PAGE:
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Bunny Tales: Inside the Playboy Club in 1968

The Story


At the Playboy Club, busty "Bunnies" wear fluffy tails, satin ears and little else. They serve drinks to men who are, no doubt, just there for the conversation. Now things are hopping at a new Playboy Club in Montreal -- Canada's first. In this clip, taped for the public-affairs program The Way It Is, a CBC reporter talks with Bunny Sonja, a Bunny "den mother," and Playboy magazine founder Hugh Hefner.

Medium: Television
Program: The Day It Is
Broadcast Date: Sept. 5, 1968
Guests: Hugh Hefner, Sonja Jensen
Reporter: Jean Templeton
Duration: 10:41

Did You know?


• Six months before the Montreal Playboy Club opened, Hugh Hefner sent advance publicity to quell any apprehensions about its propriety. He wrote that employees "engage in many community service projects, visiting hospitals and participating in charity drives." The Toronto Daily Star noted: "Somehow we don't think the Bunny Club will offer much competition to the old established Montreal joints, down by St. Laurent, which never pretended to be wholesome and civic-minded."

• The first Playboy Club opened in Chicago on Feb. 29, 1960, seven years after the launch of Playboy magazine. By 1984 there were 40 clubs in the United States, Japan, Jamaica, the Philippines, the United Kingdom and Canada (Montreal's was the only Canadian club). In its heyday there were over one million members.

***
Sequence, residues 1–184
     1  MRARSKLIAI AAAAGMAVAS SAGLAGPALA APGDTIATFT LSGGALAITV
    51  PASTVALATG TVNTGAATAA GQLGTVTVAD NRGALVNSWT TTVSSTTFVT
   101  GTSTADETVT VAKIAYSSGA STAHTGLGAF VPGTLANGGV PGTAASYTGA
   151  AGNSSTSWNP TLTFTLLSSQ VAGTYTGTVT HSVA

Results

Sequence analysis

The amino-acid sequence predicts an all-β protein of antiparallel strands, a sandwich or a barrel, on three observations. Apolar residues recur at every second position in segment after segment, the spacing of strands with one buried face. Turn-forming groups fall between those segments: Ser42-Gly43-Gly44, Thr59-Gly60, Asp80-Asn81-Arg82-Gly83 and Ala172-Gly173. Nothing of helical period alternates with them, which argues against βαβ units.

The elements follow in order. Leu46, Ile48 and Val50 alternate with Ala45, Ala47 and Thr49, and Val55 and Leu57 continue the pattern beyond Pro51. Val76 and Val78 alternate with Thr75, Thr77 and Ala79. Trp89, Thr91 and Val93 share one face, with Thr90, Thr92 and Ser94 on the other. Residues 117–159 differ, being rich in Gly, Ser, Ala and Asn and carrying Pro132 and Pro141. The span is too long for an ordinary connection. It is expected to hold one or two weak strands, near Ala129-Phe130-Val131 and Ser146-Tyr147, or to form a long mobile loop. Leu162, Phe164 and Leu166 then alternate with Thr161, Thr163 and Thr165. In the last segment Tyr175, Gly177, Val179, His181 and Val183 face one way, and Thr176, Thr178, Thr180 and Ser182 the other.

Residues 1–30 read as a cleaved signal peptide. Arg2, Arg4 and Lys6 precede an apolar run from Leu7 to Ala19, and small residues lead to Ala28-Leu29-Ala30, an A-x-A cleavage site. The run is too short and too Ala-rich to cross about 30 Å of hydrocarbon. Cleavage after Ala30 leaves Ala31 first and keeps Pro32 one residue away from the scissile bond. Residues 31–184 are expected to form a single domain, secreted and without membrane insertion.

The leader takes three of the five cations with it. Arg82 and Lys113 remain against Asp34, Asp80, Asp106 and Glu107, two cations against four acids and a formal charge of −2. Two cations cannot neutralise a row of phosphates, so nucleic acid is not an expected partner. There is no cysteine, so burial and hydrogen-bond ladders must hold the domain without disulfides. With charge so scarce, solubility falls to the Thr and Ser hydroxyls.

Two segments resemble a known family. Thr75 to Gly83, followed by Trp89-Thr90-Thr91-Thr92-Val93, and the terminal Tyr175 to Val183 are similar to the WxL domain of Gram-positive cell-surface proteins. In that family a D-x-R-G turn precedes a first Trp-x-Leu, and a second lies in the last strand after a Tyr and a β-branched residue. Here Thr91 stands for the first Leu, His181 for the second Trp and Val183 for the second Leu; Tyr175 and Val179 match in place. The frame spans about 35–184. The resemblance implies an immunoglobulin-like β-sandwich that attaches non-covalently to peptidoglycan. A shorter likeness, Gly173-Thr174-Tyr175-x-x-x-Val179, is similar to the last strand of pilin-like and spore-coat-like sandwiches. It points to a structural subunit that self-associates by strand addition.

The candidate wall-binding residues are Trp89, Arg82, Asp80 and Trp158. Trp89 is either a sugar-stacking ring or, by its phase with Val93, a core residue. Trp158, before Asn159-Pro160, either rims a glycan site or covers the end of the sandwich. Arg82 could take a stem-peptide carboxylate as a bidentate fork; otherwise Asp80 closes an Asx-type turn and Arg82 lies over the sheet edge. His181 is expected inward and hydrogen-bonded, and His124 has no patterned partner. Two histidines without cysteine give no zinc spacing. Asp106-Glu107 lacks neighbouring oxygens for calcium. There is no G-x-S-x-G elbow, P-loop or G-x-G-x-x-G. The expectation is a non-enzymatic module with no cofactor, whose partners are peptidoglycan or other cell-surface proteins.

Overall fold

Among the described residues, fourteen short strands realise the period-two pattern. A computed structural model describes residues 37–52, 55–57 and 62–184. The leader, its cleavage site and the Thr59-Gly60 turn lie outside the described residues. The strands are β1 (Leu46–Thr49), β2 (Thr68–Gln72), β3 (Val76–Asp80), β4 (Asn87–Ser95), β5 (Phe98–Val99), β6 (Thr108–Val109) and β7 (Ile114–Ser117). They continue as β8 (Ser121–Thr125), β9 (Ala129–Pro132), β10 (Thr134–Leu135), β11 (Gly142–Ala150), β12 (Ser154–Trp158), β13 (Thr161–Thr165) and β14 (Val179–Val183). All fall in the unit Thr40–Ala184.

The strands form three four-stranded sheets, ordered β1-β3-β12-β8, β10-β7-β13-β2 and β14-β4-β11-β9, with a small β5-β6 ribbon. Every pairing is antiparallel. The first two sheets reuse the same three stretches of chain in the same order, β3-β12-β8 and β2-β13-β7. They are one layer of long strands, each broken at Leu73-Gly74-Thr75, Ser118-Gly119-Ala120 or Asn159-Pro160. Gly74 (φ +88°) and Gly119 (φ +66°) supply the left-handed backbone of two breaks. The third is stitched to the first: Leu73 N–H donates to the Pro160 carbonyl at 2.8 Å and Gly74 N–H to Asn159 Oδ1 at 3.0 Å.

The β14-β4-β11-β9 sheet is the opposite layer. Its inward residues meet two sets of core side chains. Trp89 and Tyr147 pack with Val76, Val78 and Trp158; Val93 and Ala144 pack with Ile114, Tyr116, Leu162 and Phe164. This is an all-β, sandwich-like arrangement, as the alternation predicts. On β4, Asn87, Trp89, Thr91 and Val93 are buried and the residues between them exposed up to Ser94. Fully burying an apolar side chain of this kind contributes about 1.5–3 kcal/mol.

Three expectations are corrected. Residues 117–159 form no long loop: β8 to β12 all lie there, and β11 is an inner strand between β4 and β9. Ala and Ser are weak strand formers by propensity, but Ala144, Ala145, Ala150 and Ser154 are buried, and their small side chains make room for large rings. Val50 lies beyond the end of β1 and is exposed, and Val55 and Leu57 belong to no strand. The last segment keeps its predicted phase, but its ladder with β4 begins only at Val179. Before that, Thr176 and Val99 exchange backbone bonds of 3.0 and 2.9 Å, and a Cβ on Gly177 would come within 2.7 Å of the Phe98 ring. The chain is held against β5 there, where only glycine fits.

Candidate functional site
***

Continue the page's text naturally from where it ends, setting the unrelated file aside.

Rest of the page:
• The last Playboy Club in the United States closed in 1988.

• Playboy Bunnies were famous for their signature mannerisms: the Bunny Dip, a method of setting drinks on a table without leaning over; the Bunny Perch, for leaning on the back of a chair; and the Bunny Stance, a relaxed pose that showed off a woman's shape.


Sunday was described by politicians as "utter garbage" with a "flavour of perversion." CBC chairman Robert Ouimet, upon its cancellation, said: "It had been a mistake."


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